This is what we pray for in the Our Father: “Give us this day…” and “Forgive us… as we forgive….” A more accurate translation of these petitions would be “Give us today our future bread,” the bread of the banquet, Jesus himself, who is the Bread of Life and our joy in heaven. The Church, in her liturgical instructions, says “daily bread” means Eucharist: “In the Lord’s Prayer, daily food is prayed for, which for Christians means preeminently the Eucharistic bread….” that is, Jesus himself. And when we pray, “Forgive us… as we forgive…,” we are in fact looking forward to the “end time,” when God will have brought about the perfect “unity and peace of his kingdom” through universal, mutual forgiveness and reconciliation. This is what we look forward to when we declare, “I shall live in the house of the Lord all the days of my life.” 1
The wedding banquet
In Matthew 22: 1-14 Jesus uses the image of a wedding banquet to describe the “reign of God.” But one guest would not wear the special wedding robe that was provided for the party. When the host saw this he was furious, and he said, “Bind him hand and foot, and throw him into the outer darkness, where there will be weeping and gnashing of teeth.”
This seems to be a rather extreme reaction to the violation of a dress code! But that is not what it was. The guest was refusing to enter into the celebration. He was there on his own terms, not to celebrate the wedding. This was an insult to the host and to everyone there.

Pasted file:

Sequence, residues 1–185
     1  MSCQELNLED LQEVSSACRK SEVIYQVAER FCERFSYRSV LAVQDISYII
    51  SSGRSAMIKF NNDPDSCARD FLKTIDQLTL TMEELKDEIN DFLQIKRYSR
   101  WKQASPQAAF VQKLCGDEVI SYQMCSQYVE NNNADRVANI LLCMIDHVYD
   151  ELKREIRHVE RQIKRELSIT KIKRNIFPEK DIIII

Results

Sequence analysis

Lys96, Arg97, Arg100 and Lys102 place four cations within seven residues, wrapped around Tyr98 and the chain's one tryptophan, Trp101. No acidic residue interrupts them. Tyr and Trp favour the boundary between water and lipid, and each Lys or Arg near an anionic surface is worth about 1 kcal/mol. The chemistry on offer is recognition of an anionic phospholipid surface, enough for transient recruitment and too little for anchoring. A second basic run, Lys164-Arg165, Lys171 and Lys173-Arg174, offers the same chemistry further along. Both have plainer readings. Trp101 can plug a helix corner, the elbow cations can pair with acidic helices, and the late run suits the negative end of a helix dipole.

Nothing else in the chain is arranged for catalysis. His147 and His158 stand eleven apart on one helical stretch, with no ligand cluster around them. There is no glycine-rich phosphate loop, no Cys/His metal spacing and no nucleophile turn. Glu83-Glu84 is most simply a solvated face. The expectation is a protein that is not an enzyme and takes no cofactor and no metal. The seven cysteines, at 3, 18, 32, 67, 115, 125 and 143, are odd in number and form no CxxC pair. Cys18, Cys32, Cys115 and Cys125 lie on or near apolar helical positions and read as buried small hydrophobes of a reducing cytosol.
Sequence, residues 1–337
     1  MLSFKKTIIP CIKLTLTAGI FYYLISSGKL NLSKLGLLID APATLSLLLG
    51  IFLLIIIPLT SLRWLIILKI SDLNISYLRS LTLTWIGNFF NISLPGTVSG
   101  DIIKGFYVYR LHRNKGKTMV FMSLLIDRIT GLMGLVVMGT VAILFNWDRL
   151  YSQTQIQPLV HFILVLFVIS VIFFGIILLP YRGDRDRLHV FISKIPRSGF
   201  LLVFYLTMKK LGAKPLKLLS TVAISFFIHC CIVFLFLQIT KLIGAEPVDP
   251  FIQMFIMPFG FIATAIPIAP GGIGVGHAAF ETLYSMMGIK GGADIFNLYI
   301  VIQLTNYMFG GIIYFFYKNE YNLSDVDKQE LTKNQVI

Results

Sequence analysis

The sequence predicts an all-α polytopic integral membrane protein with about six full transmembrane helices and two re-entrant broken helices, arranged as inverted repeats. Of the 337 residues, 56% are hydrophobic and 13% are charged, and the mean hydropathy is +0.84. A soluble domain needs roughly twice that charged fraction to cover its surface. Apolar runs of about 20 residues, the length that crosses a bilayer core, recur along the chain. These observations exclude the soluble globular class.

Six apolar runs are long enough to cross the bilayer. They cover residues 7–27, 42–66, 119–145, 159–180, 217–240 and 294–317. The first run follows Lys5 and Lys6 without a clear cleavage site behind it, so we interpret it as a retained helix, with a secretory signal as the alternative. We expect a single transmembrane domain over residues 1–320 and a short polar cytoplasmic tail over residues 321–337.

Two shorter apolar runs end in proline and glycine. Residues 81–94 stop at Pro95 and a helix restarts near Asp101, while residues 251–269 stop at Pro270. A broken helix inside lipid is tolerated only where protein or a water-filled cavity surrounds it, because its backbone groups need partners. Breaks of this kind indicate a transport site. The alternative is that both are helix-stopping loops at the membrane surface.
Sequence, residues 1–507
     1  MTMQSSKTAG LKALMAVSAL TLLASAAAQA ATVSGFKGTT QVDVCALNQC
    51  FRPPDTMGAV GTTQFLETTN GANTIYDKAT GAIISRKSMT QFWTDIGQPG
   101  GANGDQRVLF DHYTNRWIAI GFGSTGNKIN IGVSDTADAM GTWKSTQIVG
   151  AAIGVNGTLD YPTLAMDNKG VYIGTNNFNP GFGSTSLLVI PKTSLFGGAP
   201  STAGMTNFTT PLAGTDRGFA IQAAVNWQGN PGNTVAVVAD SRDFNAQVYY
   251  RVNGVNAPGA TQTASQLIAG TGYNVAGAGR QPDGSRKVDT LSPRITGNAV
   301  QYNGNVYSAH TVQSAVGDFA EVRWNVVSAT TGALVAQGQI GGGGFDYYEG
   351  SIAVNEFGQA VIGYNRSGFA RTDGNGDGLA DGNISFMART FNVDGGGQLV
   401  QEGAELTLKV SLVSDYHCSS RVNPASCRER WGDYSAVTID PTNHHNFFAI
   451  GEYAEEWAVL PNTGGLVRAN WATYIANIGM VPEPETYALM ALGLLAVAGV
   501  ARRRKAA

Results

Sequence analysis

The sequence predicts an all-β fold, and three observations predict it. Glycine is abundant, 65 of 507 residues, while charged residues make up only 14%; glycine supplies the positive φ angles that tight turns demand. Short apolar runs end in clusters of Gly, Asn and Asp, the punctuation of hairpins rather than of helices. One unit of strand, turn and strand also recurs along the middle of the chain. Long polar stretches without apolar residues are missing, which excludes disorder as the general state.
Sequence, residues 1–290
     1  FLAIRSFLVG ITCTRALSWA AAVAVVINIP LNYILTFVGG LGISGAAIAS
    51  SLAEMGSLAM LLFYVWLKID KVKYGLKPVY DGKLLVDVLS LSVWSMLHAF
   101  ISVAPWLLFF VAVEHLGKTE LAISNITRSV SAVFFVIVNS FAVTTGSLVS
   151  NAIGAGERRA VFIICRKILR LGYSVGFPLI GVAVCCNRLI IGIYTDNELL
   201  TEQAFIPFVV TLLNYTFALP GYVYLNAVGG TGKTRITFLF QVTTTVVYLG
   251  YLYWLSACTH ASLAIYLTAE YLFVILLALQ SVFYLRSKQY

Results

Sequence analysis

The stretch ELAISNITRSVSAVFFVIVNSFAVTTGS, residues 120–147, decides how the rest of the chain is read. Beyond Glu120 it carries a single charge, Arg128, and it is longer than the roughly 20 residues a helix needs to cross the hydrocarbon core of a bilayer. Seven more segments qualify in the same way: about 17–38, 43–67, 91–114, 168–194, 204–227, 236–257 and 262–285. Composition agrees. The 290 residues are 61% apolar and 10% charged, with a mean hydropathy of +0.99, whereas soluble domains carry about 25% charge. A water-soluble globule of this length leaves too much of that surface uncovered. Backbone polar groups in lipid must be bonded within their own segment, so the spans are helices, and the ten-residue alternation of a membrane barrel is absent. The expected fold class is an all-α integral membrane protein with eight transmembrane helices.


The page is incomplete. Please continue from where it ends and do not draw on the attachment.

This is something we see every Sunday at Mass, when people are present, but on their own terms. Some come to Mass, not to enter into the real spirit of the celebration, but to participate in some way that pleases them, but not according to the real nature of the Mass.
The Mass is a “communal prayer.” It is something we do together, as a community. It is not supposed to be a gathering of individuals who are watching the priest celebrate and who are participating on their own terms, following the words and the actions in their own way, according to their own devotion. The Mass is like a dance: we all enter into it, we all dance to the same music, we let the music and the motions unite us, and by “losing ourselves” as individuals in the dance we “find ourselves” as a community.
When all who are present “put on the wedding robe,” accept to participate in the Mass, not on their own terms, but as the Church urges us to do, then we will all experience the Mass as a preview, a foretaste, of the “wedding banquet of the Lamb.” All will be united in love. All will be giving themselves, sharing themselves with each other in song and response; not holding back behind walls of protective reserve, not sitting separated, each one isolated in defensive individuality, but all together, caught up in and losing themselves in communal celebration. Then we will experience the Mass as a celebration. Then we will all be clothed in the equalizing, unifying, self-transcending robe of the wedding feast where all are “clothed in Christ,” made one in the Spirit. 2